Most of us, maybe all of us, have suffered the unique unpleasantness that is unrequited love. Edmund Waller, however, was not one to wallow in it; he took to the 17th century equivalent of social media and fired this off to the object of his affections. It is a poem not without thorns. I wonder if it worked.
Go, lovely rose!
Tell her that wastes her time and me,
That now she knows,
When I resemble her to thee,
How sweet and fair she seems to be.
Tell her that’s young,
And shuns to have her graces spied,
That hadst thou sprung
In deserts, where no men abide,
Thou must have uncommended died.
Small is the worth
Of beauty from the light retired;
Bid her come forth,
Suffer herself to be desired,
And not blush so to be admired.
Then die! that she
The common fate of all things rare
May read in thee;
How small a part of time they share
That are so wondrous sweet and fair!
For some reason Trooping the Colour reliably presents the spectacle of two or three, and on one memorable day five, Guardsmen fainting at attention. Perhaps it has something to do with standing in the sun whilst wearing a bright red, heavy woollen jacket, dark trousers, boots, and wrapping your head in the better part of an entire black bear pelt.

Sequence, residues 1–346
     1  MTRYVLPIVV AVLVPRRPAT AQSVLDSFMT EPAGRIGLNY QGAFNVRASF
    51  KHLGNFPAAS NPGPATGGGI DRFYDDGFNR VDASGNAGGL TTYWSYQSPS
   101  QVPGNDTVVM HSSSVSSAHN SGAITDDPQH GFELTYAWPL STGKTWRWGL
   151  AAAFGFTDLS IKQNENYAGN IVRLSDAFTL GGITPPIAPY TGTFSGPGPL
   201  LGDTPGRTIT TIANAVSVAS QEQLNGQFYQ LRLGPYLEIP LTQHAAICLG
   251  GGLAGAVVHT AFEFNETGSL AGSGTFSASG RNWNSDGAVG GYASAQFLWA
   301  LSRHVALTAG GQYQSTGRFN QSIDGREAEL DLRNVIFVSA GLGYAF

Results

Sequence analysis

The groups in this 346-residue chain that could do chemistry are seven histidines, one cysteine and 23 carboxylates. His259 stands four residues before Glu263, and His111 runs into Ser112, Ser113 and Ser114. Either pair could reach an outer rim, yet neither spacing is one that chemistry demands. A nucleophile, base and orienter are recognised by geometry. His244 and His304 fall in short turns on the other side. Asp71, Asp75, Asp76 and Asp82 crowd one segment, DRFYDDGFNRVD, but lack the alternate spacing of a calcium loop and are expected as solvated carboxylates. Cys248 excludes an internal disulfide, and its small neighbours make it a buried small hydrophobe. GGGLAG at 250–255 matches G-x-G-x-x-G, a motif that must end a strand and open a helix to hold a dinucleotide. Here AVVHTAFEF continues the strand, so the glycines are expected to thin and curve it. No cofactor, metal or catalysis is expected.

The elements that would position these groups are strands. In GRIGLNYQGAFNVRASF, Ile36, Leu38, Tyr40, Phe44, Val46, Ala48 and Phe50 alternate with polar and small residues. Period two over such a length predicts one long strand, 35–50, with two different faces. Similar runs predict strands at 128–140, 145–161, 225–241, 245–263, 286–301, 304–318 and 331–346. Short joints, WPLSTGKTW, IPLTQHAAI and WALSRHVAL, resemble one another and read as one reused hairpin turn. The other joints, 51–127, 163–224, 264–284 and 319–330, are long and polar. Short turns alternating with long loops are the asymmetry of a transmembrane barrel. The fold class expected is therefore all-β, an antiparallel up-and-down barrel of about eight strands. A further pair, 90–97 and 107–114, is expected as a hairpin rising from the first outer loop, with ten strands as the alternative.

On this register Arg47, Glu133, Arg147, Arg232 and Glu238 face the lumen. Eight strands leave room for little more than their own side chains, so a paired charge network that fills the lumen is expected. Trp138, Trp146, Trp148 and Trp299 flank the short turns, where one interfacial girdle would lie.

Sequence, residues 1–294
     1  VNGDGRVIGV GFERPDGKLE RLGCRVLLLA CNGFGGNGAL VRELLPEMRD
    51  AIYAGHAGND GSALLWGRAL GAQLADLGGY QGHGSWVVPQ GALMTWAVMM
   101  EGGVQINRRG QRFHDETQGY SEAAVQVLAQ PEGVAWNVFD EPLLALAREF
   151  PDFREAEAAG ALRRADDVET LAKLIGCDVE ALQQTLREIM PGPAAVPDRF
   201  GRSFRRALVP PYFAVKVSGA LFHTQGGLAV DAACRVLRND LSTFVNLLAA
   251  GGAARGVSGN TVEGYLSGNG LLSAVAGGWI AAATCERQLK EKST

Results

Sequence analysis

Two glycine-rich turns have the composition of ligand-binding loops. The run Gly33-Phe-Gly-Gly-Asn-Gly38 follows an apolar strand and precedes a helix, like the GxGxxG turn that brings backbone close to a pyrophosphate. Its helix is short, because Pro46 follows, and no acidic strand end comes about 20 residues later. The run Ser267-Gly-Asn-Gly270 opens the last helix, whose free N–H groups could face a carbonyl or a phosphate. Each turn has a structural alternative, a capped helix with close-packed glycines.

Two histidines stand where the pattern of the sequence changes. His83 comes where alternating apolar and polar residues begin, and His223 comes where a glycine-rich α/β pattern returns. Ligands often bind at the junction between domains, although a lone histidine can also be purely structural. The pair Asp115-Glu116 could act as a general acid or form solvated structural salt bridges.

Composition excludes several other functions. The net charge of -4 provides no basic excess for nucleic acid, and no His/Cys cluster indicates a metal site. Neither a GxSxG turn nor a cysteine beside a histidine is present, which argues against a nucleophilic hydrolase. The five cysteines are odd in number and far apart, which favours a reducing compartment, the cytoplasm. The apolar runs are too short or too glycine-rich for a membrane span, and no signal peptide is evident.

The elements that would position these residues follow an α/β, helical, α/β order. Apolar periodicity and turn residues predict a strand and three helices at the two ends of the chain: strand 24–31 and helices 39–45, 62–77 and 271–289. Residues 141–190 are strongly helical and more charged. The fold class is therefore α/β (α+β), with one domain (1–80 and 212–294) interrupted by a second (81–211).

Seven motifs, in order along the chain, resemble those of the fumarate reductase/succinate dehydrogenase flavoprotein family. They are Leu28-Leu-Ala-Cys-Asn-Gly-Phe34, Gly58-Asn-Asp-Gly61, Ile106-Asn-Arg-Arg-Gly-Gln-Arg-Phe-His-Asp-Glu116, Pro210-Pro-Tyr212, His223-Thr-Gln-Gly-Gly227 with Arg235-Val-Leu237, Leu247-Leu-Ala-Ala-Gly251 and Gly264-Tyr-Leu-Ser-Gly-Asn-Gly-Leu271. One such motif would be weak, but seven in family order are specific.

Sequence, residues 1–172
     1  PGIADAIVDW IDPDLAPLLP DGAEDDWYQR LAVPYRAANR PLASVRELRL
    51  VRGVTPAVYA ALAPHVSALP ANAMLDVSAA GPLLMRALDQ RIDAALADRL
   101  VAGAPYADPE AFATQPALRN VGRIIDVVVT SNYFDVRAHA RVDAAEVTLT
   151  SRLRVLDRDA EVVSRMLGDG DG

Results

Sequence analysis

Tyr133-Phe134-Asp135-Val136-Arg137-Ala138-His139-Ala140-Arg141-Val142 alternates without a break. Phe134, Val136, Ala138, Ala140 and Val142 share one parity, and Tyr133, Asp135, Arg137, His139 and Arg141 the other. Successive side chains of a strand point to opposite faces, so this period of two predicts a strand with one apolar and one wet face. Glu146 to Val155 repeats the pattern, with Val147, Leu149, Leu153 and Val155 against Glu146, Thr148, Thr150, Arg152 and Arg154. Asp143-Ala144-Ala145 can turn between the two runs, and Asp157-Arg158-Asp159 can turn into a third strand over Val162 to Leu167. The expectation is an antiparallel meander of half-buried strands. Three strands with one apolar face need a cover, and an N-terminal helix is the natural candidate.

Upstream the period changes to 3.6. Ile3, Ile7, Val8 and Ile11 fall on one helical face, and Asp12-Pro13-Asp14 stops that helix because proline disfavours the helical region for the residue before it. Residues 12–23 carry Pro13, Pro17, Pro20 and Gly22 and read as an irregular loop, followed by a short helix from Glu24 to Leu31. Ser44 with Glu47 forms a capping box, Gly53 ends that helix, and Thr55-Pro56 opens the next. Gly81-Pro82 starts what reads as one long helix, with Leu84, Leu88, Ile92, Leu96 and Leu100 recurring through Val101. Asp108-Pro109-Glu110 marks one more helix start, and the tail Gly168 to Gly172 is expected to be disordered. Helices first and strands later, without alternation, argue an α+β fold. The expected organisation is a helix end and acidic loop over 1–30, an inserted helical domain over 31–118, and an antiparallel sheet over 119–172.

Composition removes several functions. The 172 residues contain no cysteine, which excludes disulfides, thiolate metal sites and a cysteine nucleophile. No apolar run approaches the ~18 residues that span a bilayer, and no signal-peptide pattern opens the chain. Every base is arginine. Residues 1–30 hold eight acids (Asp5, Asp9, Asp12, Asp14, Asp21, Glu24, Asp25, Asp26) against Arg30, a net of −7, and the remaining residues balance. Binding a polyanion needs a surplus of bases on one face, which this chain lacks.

Apparently the jackets used to be dyed using crushed insects, which – along with the bear that got skinned for the hat – makes for quite a death toll in the animal kingdom to produce a colourful party outfit.
Unlike the Queen I have never planted a tree, but I do admire people who do. They make a gift to the future and place a vote of confidence in continuity. I lack their patience.
All roads lead to Rome except Burke Road North, which leads to bedlam. Well, actually, it leads to Kew, but is is very busy. No doubt maddened by the constant swish of car tyres and potato-potato-potato of passing Harley Davidsons, one resident built a large white wall to block the Road from sight and mind. But this anonymous hero also had the foresight to plant five cedars along the wall. And here they are, many years later, capturing the endless gloaming of a Melbourne spring evening.
Turbines are machines that extract energy from a fluid flow (like wind) and convert it into useful work. This wind turbine harvests wind on the roof of the Melbourne City Council building and converts it into a cheery bright yellow spectacle for passers-by. Oh … and I think it ventilates the building too.